Rival factions of Sudan’s military have agreed to renew a three-day ceasefire, shortly before it was due to expire.
The extension – for another 72 hours – follows intensive diplomatic efforts by neighbouring countries, as well as the US, UK and UN.
But there are continuing reports of heavy fighting in the capital Khartoum.
The previous truce allowed thousands of people to attempt to flee to safety, while dozens of countries have tried to evacuate their citizens.
Almost two weeks of fighting between the army and a rival paramilitary group have left hundreds dead.
The ceasefire had been expected to end at midnight local time Thursday
Early on Thursday evening the Sudanese regular army agreed to an extension, and its rival the paramilitary Rapid Support Forces (RSF) followed suit hours later.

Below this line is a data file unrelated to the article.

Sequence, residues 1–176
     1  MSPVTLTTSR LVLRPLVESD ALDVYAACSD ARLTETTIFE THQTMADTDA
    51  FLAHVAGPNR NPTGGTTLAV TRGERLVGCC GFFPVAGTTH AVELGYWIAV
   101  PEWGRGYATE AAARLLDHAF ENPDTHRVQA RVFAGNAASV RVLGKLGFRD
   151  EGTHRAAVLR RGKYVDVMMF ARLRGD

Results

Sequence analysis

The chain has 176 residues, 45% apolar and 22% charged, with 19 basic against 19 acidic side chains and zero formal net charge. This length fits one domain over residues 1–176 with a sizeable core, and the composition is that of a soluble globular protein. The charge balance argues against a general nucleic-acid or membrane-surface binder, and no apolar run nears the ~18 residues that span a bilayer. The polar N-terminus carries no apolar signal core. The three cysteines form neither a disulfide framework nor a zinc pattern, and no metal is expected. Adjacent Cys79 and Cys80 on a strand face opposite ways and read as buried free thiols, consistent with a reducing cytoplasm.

South Sudan has offered to host peace talks, and the army has agreed to send representatives to the talks.
Meanwhile the RSF and eyewitnesses said the army had been pounding its positions in Khartoum.
The foreign minister in the former civilian government, Maryam al-Sadiq al-Mahdi, told the BBC from her home in Khartoum that despite the ceasefire, civilians were still living in fear.
“What they call a truce has nothing to do with what is happening,” she told said “The bombardment by the aeroplanes is taking place almost all day and night.”
There are reports of several deaths. At least 512 people have been killed in the fighting and almost 4,200 injured, although the real number of deaths could be much higher.